Plant Characteristics:

  • Tree: up to 120 ft tall
  • Bark: smooth gray
  • Blooms: April-May
  • Buds: sharply pointed about 1 in long
  • Flowers: male flowers yellow-green, female flowers in pairs on a short stem
  • Leaves: deciduous, alternate, simple and egg shaped
  • Fruit type: nut (3 angled) inside slightly prickly 4-sided bur
  • Fall Foliage: copper, yellow, beige

Additional Details:

  • Nuts are delicious roasted and eaten whole or ground into flour. Crushed kernels will produce an oil similar to olive  oil.
  • Nuts are eaten by ruffed grouse, wild turkey, squirrel, black bear, and racoon.
  • Native americans chewed nuts as a worm expellent.
  • Leaf tea is a wash for burns, frostbite, or poison-ivy rash.
  • Larval host to the Early Hairtstreak (Erora laeta).
Marcescence:  The leaves are marcescent on the American beech, especially on younger trees. Marcescence occurs when any plant part dies but does not prop from the plant. Although no one knows why this marcescence occurs, here are some hypotheses:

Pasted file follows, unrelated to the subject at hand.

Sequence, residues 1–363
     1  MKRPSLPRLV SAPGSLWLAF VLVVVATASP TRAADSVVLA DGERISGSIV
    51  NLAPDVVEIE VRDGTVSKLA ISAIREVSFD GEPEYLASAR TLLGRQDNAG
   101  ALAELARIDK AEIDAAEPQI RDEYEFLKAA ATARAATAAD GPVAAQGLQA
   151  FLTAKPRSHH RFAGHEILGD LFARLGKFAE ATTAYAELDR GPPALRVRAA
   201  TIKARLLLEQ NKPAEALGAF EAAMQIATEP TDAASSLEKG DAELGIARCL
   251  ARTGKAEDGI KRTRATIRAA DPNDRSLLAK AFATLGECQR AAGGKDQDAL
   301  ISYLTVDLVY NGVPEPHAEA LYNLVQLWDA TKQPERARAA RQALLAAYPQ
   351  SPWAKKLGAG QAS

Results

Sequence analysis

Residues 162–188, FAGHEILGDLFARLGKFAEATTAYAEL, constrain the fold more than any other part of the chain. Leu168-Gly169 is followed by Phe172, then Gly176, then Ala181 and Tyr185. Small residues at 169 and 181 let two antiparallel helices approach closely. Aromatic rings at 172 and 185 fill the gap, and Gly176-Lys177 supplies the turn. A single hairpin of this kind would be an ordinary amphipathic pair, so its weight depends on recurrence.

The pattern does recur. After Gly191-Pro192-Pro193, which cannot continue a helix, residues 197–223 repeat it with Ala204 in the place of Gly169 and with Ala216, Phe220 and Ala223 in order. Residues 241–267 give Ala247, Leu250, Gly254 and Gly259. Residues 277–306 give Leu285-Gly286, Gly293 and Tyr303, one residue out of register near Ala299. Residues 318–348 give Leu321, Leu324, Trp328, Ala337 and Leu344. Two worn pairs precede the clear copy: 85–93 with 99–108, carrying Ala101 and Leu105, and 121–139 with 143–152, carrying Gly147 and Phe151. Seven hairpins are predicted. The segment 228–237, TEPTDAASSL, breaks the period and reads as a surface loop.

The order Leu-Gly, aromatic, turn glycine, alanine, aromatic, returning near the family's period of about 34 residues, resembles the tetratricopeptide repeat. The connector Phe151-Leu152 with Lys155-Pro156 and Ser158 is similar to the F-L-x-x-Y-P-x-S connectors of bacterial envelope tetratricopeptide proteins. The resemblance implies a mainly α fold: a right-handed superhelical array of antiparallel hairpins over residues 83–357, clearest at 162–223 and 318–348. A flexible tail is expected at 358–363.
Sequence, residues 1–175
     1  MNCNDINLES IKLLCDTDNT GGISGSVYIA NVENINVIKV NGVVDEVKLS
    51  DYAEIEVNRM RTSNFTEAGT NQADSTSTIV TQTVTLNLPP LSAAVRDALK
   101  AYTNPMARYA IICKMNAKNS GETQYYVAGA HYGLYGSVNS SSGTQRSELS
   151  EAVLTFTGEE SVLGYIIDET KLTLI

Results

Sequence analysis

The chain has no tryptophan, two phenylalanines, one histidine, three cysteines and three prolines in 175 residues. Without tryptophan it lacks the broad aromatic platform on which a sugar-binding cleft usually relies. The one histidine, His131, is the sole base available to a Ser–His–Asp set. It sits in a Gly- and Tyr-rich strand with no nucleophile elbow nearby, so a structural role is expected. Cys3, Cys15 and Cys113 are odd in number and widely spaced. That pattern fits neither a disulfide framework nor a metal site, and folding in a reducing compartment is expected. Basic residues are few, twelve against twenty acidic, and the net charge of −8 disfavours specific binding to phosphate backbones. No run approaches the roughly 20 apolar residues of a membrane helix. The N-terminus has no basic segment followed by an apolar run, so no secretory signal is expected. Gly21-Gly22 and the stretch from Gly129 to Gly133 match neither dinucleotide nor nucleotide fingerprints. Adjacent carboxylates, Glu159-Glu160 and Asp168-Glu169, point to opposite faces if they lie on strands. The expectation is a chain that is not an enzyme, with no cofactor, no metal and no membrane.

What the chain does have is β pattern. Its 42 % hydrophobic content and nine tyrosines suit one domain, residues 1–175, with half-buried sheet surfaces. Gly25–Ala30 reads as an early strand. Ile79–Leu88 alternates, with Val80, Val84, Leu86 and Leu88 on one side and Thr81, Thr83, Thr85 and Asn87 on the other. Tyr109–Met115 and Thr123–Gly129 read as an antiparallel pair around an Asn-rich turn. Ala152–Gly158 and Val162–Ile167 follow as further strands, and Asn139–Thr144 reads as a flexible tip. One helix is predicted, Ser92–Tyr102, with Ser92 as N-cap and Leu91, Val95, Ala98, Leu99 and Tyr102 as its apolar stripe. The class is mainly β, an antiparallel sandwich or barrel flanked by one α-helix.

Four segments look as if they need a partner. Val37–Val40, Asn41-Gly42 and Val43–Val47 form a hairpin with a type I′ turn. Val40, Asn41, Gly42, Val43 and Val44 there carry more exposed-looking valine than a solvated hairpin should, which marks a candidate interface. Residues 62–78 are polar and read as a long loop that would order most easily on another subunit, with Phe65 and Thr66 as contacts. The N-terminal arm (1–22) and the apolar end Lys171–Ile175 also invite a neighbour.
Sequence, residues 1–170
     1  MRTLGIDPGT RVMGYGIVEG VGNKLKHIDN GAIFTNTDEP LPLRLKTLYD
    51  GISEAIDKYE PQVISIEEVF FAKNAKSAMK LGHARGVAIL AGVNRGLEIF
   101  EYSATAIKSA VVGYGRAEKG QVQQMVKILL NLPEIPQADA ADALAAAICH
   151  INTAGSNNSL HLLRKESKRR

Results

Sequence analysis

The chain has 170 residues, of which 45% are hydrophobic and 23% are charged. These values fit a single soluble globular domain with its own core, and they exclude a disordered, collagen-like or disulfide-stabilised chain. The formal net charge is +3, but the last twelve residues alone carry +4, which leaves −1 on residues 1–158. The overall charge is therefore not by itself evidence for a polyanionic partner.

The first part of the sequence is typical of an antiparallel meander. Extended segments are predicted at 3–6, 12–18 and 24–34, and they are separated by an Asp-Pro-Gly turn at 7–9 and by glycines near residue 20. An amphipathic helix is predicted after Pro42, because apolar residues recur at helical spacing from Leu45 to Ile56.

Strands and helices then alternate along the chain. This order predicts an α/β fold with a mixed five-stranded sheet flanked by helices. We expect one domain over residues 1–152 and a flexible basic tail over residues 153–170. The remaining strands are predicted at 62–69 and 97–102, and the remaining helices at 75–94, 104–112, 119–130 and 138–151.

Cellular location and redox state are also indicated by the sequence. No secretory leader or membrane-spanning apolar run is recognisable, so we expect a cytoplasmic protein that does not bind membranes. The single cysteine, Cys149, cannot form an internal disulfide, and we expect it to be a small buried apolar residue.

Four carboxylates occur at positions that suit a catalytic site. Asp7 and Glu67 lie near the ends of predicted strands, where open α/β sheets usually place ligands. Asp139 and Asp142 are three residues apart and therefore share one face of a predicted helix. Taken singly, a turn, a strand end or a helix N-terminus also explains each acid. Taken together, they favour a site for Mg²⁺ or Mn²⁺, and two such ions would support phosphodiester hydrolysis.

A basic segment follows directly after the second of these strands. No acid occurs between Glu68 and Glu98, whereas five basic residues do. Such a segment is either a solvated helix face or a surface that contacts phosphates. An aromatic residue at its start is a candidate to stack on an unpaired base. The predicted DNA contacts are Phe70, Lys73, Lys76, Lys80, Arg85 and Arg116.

• Leaves when dropped in the spring will provide a fresh layer of mulch or preserve soil moisture.
  • Leaves provide cover for birds in winter winds.
  • Leaves prevent deer browse and protect new buds.

References:
Brown, R. and M. Brown. 1972. Woody Plants of Maryland. Port City Press, Baltimore, MD.
Foster, S. and J. Duke. 1990. A field guide to medicinal plants of Eastern and Central North America. Houghton Mifflin Company, Boston, MA.
Grimm, W. C. and J. Kartesz. 2002. The Illustrated Book of Trees. Stackpole Books. Mechanicsburg, PA.
Harris, J. and M. Woolf Harris. 1994. Plant Identification Terminology: An illustrated Glossary. Spring Lake Publishing, Spring Lake, UT.
Kling A. 2022. The Mystery of Marcescence. Branching out, Vol. 30, No.1 (Winter 2022). University of Maryland Extension, MD.
Peterson, L. 1977. A field guide to edible wild plants of Eastern and Central North America. Houghton Mifflin Company, Boston, MA.
Virginia Department of Forestry. 2022. Common Native Trees of Virginia – Tree Identification Guide.